Thirdly, when Paul addresses the duties of husbands in verse 25, he tells them “to love their wives as their own bodies.” A young woman once asked me, “Why does St. Paul tell wives to be submissive to their husbands but only tells husbands to love their wives?” The answer to this question lies in the meaning of the Greek word for “to love.” Many people know that there are three words in biblical Greek for love: eros (attraction), philos (brotherly or family love) and agape (a love that is marked by sacrificing and giving of oneself for another). This third word describes the love of God. When we say “God is love,” it is agape which is used. This is also the word that St. Paul uses (agapan = to love) when he admonishes husbands to love their wives. And so it is clear that St. Paul also wants husbands to freely and voluntarily “submit themselves” to their wives. Husbands and wives should be ready to subject their own wants and desires to the happiness of their spouse. In different ways, Paul is really telling spouses to think of the needs of the other before oneself. It is a mutual self-giving.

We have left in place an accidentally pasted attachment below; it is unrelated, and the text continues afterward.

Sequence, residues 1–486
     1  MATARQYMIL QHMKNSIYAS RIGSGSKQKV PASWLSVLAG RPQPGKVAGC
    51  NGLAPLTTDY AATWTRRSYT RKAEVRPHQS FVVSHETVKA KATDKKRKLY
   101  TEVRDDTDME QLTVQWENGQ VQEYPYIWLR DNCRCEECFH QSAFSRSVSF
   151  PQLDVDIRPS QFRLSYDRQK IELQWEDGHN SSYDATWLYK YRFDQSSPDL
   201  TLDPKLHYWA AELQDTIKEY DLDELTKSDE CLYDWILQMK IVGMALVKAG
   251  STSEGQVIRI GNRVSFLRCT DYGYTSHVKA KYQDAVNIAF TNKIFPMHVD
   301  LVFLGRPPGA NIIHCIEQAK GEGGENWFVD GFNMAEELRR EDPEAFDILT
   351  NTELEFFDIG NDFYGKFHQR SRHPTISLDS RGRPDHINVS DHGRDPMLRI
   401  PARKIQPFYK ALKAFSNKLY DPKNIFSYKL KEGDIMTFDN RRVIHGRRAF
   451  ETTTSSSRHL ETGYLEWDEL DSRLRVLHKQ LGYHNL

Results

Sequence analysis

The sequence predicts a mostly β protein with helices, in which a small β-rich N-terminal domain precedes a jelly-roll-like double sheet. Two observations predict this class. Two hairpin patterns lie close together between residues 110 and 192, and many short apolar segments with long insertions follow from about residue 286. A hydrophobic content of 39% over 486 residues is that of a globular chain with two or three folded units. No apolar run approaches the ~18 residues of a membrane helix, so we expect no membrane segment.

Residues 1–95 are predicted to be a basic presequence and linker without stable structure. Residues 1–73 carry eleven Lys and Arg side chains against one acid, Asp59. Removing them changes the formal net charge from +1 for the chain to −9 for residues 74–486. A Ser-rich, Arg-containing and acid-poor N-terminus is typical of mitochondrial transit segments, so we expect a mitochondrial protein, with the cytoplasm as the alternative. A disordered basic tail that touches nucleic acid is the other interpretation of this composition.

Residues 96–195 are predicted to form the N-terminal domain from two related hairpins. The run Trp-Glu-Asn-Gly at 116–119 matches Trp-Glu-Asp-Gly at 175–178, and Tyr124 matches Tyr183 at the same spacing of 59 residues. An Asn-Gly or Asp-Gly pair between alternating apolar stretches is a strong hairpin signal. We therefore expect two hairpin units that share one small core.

In today’s world, everybody focuses on meeting their own needs. Everyone wants to be happy and enjoy life. There is a kind of self-centeredness that judges the worth or value of something on how it impacts me. We hear people say things like: “My boss told me that my work was unsatisfactory. What does she know?” Or “My parents are always telling me what to do. They want me to do things their way.” Still again “I know that what my friend told me is true, but I don’t like it, so I will do what I want instead.” One more: “I didn’t like that homily because it made me feel uncomfortable.”
St. Paul is saying just the opposite. By telling us to be subordinate to one another, St. Paul is telling us to put the needs of others before my own. We are called to be other-centered rather than self-centered. Imagine what kind of world it would be if we were all other-centered: thinking of the needs of others before our own?
St. Paul is telling wives and husbands, in fact all Christians, that to love like Christ means to deny oneself and give ourselves completely to the Lord. It means to love like Jesus who laid down his life for us. The lives of married Christians reflect the love of Christ when they willingly sacrifice themselves for another. Jesus said: “there is no greater love than this: to lay down one’s life for one’s friends.”